(Bloomberg) -- Two senior U.S. senators demanded Anthem Inc. pick up the pace in notifying as many as 79 million Americans that their personal information may have been stolen from the health insurer in a computer breach last month.

Anthem, which runs Blue Cross and Blue Shield plans in 14 states, said Feb. 4 that hackers accessed information on its customers and those of partner companies. More than a month later, more than 50 million people affected by the breach haven’t been notified by the company, senators Lamar Alexander and Patty Murray said in a letter.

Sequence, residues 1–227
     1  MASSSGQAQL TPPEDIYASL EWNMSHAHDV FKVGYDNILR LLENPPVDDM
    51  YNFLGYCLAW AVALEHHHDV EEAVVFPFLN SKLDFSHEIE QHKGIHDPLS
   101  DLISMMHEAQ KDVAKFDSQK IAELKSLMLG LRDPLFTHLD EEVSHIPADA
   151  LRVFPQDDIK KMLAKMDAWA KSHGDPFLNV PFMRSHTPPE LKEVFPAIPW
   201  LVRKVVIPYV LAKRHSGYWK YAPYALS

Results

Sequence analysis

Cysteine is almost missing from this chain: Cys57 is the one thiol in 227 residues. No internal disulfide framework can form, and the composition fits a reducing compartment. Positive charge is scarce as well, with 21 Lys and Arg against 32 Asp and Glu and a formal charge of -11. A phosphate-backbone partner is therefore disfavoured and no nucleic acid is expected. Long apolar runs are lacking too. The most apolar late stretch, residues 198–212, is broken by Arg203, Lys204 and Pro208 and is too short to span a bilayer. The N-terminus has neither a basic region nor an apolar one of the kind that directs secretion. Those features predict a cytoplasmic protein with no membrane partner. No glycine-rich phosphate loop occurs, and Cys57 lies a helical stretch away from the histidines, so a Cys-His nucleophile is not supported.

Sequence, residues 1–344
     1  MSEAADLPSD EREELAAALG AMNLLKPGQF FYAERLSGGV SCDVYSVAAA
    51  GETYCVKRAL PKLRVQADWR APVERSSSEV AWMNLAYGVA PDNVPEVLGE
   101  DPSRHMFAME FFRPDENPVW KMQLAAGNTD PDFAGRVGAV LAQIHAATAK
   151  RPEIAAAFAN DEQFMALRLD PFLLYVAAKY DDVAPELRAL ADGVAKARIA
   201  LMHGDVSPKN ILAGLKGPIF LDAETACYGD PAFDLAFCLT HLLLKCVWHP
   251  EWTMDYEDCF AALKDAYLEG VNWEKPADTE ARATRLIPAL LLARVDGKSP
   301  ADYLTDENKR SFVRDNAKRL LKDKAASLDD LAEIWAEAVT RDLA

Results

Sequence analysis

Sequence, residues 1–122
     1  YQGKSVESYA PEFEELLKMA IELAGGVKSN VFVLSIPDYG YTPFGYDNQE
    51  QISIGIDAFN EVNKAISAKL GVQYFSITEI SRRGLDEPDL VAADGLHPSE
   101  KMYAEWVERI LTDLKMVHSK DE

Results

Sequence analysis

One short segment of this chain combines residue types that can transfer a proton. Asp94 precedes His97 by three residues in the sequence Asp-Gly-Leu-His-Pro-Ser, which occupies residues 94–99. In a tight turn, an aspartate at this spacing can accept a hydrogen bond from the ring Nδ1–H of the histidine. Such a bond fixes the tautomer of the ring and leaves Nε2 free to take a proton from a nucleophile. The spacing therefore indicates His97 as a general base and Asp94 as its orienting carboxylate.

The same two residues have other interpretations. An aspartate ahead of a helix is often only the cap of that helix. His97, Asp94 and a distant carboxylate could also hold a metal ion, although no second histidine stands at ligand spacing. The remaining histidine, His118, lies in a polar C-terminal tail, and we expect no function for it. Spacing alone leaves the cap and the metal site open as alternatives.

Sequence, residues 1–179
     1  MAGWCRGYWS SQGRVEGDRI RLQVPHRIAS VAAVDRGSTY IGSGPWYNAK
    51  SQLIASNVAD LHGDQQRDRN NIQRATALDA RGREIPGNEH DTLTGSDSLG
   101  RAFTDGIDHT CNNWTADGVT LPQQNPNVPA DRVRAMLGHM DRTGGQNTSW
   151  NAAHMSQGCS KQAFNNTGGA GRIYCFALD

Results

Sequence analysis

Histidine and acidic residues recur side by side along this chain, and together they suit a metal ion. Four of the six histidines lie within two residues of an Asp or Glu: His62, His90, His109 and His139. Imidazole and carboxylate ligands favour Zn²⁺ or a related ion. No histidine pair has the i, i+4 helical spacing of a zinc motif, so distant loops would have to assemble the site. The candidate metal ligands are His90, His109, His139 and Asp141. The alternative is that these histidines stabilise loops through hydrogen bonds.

“While we understand the logistical challenges associated with contacting millions of people, the highly sensitive nature of this information makes early notification essential, and we are concerned with your slow pace of notification and outreach thus far,” the senators wrote.

Anthem said on Feb. 5 that it would take about 10 to 14 days to identify which customers had data stolen and start notifying them.

Alexander, a Tennessee Republican, chairs the Senate Health, Education, Labor and Pensions Committee. Murray, of Washington, is the panel’s senior Democrat.

The two lawmakers demanded that Anthem share a plan to “dramatically increase the pace of notification.”

A spokeswoman for Anthem, Kristin Binns, said she wasn’t able to immediately comment.

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